When I visited the Crayola Factory in Easton, Pa., with my five-year-old daughter, I had an epiphany about color space. Back when I was in kindergarten, crayons came in boxes of eight colors. Nowadays, 64 colors is average. I knew all that, but what I didn’t realize was that Binney & Smith (Crayola) makes hundreds of different colors. The typical set includes all of the hues kids need to make refrigerator-ready artwork. But it’s possible to assemble a 64-piece set that includes some colors that aren’t found in the standard box. And that’s where color space comes in.
Color space describes a range, or gamut, of colors that a particular digital device provides. All digital cameras can capture images in standard RGB color space (abbreviated sRGB). Some cameras offer Adobe RGB (1998) as an addition. Standard RGB was defined by Microsoft and HP and popularized as a standard to assure that colors would appear properly when viewed on a typical computer monitor.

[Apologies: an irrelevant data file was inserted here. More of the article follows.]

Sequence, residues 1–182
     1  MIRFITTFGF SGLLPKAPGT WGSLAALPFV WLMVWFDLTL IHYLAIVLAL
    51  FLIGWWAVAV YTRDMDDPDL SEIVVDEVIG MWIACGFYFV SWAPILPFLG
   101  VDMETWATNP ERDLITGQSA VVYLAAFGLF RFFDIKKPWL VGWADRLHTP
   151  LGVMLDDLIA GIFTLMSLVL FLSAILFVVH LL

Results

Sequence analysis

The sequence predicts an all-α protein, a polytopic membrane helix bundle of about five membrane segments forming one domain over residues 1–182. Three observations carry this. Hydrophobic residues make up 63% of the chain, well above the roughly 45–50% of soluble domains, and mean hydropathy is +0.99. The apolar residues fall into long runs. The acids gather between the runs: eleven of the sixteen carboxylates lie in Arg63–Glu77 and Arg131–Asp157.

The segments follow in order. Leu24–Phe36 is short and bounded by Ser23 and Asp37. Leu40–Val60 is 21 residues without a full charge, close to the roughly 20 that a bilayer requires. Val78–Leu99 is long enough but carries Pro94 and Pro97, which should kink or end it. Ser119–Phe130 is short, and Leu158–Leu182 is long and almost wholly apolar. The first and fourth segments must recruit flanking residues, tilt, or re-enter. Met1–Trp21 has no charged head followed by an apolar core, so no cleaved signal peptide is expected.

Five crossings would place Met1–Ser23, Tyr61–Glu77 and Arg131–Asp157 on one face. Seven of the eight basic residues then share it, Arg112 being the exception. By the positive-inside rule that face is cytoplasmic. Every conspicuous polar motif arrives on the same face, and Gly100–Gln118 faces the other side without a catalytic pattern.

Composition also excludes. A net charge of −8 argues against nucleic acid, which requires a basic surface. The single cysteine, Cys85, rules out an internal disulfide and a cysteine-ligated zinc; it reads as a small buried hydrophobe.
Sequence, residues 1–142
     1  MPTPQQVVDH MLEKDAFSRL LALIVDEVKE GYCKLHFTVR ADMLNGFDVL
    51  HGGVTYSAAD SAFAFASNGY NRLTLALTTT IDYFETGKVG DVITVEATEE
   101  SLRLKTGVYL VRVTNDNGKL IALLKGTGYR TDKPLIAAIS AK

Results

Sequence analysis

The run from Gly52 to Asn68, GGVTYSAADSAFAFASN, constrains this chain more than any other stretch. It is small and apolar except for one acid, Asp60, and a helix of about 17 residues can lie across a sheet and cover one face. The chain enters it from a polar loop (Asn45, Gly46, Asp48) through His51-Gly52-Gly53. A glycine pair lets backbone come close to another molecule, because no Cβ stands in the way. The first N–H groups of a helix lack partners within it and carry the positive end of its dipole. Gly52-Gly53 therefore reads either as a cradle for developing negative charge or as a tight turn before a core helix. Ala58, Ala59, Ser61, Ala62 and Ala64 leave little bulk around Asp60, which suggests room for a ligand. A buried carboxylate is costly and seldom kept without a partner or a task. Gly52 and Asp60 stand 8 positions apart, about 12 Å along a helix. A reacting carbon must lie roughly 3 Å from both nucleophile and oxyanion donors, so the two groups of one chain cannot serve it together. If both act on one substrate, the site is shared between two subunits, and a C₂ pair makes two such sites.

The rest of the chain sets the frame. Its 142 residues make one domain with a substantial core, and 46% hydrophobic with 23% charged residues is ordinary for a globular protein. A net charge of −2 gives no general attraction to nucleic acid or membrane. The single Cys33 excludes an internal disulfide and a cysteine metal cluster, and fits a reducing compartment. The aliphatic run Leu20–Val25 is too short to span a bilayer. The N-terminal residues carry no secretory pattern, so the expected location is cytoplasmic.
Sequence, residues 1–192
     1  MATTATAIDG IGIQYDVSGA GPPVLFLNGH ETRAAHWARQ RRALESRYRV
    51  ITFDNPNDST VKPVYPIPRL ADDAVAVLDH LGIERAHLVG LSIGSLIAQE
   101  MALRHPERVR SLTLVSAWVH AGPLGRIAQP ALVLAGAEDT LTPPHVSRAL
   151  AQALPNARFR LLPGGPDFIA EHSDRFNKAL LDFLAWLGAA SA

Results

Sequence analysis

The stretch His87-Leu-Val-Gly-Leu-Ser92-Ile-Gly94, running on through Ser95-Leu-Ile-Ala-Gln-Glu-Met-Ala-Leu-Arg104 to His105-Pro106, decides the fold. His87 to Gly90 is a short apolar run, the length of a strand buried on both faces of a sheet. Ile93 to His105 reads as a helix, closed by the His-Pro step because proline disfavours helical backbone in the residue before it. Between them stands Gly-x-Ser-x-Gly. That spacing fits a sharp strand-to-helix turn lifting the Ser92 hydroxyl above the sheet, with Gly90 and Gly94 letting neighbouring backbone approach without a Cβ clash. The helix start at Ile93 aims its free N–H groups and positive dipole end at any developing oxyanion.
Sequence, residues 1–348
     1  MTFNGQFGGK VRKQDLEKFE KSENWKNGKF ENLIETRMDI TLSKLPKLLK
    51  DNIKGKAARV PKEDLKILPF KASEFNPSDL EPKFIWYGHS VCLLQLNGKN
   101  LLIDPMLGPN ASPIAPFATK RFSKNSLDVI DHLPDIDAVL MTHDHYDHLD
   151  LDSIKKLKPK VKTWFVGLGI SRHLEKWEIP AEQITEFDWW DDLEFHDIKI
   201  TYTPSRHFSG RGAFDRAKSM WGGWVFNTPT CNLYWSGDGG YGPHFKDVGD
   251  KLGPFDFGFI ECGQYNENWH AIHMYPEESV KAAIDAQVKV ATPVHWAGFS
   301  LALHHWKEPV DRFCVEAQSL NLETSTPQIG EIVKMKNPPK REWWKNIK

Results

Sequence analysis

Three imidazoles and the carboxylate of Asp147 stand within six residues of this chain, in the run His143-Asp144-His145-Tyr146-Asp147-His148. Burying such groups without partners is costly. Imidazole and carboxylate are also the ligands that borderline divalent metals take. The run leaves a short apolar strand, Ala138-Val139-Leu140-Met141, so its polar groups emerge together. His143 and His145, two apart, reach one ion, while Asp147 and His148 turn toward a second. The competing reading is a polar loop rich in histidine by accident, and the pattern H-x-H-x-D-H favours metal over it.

sRGB therefore allows us to distribute images with a reasonable level of confidence that they’ll look right—even when we don’t know anything about the monitor that will be used to display them. Adobe RGB was constructed to include the additional colors that can be printed with inkjet and other printers using CMYK inks—even though it uses only the three primary colors.